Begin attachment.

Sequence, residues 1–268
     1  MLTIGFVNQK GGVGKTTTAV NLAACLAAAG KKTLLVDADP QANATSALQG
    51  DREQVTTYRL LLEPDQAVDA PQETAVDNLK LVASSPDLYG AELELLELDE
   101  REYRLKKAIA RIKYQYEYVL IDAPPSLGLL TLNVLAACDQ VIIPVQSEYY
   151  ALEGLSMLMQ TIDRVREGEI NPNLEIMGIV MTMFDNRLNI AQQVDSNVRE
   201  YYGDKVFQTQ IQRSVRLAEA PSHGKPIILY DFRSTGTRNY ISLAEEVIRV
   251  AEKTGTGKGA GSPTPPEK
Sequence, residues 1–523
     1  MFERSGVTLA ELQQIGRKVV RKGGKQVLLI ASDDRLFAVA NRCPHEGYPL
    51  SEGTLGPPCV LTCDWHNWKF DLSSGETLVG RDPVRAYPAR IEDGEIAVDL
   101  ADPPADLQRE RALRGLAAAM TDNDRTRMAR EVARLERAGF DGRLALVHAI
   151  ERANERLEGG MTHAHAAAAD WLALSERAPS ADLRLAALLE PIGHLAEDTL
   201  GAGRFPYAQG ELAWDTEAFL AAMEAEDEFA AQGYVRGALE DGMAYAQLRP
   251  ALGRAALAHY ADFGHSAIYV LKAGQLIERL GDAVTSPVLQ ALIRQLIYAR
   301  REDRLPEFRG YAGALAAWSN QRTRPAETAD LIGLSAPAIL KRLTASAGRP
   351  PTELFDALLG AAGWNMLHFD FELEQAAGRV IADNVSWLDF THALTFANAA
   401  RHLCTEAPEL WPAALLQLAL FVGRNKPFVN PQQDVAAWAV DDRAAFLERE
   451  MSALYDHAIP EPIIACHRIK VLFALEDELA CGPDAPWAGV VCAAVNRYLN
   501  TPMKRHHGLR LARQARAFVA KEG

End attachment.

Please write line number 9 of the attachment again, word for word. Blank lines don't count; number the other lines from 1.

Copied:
     1  MFERSGVTLA ELQQIGRKVV RKGGKQVLLI ASDDRLFAVA NRCPHEGYPL